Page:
Although worded differently, the effect of section 667, subdivision (f)(2) is precisely the same as the statute struck down in Tenorio.   Under both statutes, a prior conviction can only be dismissed in the interests of justice on the prosecutor's motion.   Thus, the trial judge in the present case, who believed a charge should be dismissed in the interests of justice and who wished to exercise the power to dismiss, would find himself stymied by the prosecutor's unwillingness to file a motion requesting dismissal.

Under the binding precedent of Tenorio, section 667, subdivision (f)(2) is unconstitutional to the extent it requires the trial court to obtain the prosecutor's consent before dismissing a prior conviction in the interests of justice.

The People argue Tenorio and its progeny are not binding precedent in the case before us because the statutory scheme of the “three strikes” law distinguishes it from the laws struck down by the Tenorio line of cases and the rationale of Tenorio has been seriously undercut by subsequent developments in the law.   Neither of these arguments has merit.

As to the first argument, the People adopt and elaborate on the analysis of section 667 as a limitation on prosecutorial power.  (See discussion supra, pp. 716–717.)   The People contend the “three strikes” law, taken as a whole, restricts rather than enlarges prosecutorial discretion with respect to dismissals of priors in the furtherance of justice.   Subdivision (g) of section 667 requires the prosecutor to plead and prove “all known prior felony convictions” and prohibits the prosecutor from using prior felony convictions in plea bargaining or from seeking the dismissal of a prior felony conviction “except as provided in paragraph (2) of subdivision (f).”   Thus, unlike other situations in which the prosecution has discretion not to charge a prior conviction, under the “three strikes” law the prosecution must charge all known prior felony convictions.   The prosecutor has no authority to agree to striking a prior for purposes of plea bargaining.   The only way a prior can be dismissed is on motion of the prosecutor who must satisfy the court there is insufficient evidence to prove the prior conviction or that dismissal would be in the furtherance of justice.  (§ 667, subd. (f)(2).)   The People argue the lack of any discretion on the part of the prosecutor in charging and negotiating prior felony convictions coupled with the requirement of court approval for dismissal of a prior distinguishes the “three strikes” law from the “arbitrary” and “unreviewable” discretion vested in the prosecutor in the statute at issue in Tenorio, 3 Cal.3d at p. 95, 89 Cal.Rptr. 249, 473 P.2d 993.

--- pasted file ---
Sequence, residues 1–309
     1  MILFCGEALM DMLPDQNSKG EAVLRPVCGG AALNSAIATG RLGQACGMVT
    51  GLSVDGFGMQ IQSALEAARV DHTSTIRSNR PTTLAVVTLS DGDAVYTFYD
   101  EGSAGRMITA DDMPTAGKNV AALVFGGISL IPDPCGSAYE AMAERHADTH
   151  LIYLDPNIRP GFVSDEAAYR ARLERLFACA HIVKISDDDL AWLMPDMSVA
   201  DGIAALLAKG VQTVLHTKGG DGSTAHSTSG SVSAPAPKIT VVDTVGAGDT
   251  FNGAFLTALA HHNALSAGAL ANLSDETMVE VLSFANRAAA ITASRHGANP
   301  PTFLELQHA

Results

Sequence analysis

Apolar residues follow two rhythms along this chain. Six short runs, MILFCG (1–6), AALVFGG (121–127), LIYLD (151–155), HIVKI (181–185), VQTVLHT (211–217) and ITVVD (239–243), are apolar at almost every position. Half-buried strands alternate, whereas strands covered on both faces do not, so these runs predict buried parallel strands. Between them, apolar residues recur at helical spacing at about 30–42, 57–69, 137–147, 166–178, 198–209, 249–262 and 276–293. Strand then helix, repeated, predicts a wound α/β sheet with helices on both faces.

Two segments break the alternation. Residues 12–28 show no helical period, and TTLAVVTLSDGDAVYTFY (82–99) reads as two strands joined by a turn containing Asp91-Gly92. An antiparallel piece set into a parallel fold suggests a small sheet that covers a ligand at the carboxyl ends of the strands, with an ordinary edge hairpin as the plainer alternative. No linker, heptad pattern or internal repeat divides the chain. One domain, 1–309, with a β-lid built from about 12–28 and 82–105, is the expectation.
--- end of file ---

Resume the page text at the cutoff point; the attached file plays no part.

I find the People's argument unpersuasive for two reasons.